"To be yourself, you need to constantly remember yourself."
We are the sum of all our experiences and all our memories. They inform every decision we make, every action we take, and every facet of our personality. But what happens when some of those pieces go missing? What happens when they are manipulated or reconfigured? From Academy Award winning director Danny Boyle, 'Trance' dives headfirst into a mind-bending tapestry of fragmented identity, escalating paranoia, psychological exploitation, and hypnotic control, thrusting viewers through a contemporary noir thriller that constantly blurs the line between reality and illusion. Its twisting plot will leave one guessing until the end, and while the script's conclusion isn't as refined as it could be, the tense and disorienting ride still manages to enthrall viewers under its devious spell.
After an art heist goes wrong, one of the thieves, Simon (James McAvoy), is hit on the head and forgets where he hid the multimillion dollar painting he stole. Displeased with this turn of events, his partners decide to torture him in order to find their valuable loot. But when Simon still insists that he can't remember, they resort to a decidedly unconventional method: a hypnotherapist named Elizabeth (Rosario Dawson). Hoping to discover the painting's whereabouts, Simon is repeatedly put into a trance, but as his fractured mind slowly unravels, hidden memories are unlocked and truth and illusion start to converge, revealing secret agendas that might put everyone in grave danger.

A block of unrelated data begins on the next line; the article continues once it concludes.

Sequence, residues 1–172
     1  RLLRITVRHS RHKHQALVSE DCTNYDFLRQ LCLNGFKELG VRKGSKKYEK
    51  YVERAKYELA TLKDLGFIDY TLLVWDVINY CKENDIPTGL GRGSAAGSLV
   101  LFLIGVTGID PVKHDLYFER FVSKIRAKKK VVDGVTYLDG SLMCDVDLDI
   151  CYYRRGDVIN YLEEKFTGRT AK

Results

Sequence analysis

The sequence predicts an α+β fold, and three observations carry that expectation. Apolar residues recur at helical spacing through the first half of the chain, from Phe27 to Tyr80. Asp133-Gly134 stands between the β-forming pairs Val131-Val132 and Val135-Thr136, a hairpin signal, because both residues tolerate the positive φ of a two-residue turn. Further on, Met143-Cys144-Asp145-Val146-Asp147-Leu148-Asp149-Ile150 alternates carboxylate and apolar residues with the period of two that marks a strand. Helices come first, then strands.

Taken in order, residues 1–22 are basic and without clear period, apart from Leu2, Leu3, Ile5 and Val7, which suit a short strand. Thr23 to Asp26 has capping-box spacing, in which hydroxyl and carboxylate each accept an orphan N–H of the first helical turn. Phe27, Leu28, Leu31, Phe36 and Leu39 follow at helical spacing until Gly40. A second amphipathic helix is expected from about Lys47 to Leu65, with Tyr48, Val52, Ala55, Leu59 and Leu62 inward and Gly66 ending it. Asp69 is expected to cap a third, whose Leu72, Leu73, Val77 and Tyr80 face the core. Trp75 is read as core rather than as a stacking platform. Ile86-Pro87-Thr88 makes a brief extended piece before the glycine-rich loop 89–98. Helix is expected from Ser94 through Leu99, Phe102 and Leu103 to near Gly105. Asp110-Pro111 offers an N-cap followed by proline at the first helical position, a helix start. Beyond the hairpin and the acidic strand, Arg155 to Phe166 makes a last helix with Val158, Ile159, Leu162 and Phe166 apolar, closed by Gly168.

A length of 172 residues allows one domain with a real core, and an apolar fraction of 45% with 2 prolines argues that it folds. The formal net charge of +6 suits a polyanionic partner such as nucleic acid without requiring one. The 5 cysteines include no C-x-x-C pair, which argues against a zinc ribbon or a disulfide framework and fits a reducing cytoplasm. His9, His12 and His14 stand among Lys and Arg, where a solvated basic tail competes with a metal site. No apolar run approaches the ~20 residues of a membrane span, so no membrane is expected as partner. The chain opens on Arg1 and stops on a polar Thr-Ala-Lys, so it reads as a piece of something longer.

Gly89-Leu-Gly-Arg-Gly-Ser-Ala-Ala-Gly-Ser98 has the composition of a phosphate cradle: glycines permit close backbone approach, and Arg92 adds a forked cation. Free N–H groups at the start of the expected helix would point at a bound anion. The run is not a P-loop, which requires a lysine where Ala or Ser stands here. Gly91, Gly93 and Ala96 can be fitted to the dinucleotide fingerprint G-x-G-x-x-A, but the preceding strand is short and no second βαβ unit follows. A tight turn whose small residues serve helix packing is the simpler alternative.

Loosely based on Joe Ahearne's television film of the same name, the script, written by Ahearne and frequent Boyle collaborator John Hodge, is a constantly twisting exercise in narrative deceit. Viewers are placed in a perpetual state of questioning, left unsure exactly which characters are truly in control or what their real motivations actually are. Key moments early on, emphasized through ambiguous glances or cryptic decisions, imply that there is much more going on than first meets the eye, and slowly the story's true intentions begin to unspool layer by layer. This intentionally confusing and disorienting construction works well to keep the audience guessing, and while certain beats can get a bit convoluted (more on that later), most of these tantalizing setups reach satisfying pay offs.
Placing the audience right in the mindset of the film's characters, Boyle's visuals and editing style work hard to create an appropriately hypnotic aesthetic. The director organically segues between fast-paced, quick cutting sequences and slower, meditative stretches, all while maintaining a steady rhythm. Distorted angles, skewed perspectives, and obstructed reflections all reinforce the thin line between dream and truth, and while the film's hypnosis scenes feature a faintly surreal quality, this look repeatedly invades the waking world as well (and vice versa), heightening the confusion of the narrative through cinematic trickery.